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Major developments in the meatpacking industry from the early 1900’s to the present include laws put into place by Food and Drug Administration (FDA), and the United States Department of Agriculture (USDA) to improve working conditions, protect animal welfare, and improve the quality of meat being sold to consumers. Working conditions have been a major issue in the meatpacking industry since the earIy 1900’s, and have seen some improvement since then. In the early 1900’s, workers faced poor, harsh working conditions, low wages, long hours, and risk of injury and death. Employees worked in dark, unventilated rooms, that were unbearably hot in the summer and freezing cold in the winter.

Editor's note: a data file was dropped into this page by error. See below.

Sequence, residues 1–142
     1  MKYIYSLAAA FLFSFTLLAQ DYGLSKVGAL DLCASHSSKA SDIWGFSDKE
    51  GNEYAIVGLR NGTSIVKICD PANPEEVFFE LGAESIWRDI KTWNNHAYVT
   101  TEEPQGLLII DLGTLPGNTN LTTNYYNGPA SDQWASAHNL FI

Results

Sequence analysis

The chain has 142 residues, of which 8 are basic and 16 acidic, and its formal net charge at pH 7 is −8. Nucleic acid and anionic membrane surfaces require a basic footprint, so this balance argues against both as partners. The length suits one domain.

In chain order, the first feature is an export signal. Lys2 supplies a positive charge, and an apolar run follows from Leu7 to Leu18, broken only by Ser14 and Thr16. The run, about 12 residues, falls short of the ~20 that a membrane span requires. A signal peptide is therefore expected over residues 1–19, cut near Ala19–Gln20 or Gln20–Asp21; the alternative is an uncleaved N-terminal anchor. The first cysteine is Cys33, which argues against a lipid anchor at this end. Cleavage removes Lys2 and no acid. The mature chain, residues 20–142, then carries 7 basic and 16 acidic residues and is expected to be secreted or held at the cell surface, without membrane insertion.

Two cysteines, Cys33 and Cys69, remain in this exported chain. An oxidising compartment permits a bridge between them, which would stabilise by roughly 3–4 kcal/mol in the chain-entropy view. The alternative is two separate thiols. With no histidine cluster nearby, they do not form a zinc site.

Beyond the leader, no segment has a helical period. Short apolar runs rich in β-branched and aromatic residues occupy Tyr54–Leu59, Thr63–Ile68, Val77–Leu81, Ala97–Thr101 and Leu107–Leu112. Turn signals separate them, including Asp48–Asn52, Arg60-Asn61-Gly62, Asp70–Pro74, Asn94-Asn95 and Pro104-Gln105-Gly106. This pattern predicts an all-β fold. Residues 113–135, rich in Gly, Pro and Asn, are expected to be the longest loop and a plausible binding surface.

In Eric Schlosser’s Fast Food Nation, he takes a tour of a slaughterhouse. According to Schlosser, to protect employees from getting cut by sharp knives, they wear pounds of “chainmail”. Chainmail is a type of steel armor, that is flexible enough to allow workers to move around while protecting them from injury. However, chainmail is not always an effective method of preventing injury to workers. Also, employees usually wear knee-high, rubber boots because there is usually a large amount of blood on the floor. Employees stand extremely close together while working rapidly on the assembly line in a slaughterhouse. Although working conditions are better today than they were in the early 1900’s, employees are still expected to work rapidly which can cause accidents and injury. Even though technology has benefited the meatpacking industry, working in a slaughterhouse is still the most dangerous job in the United States.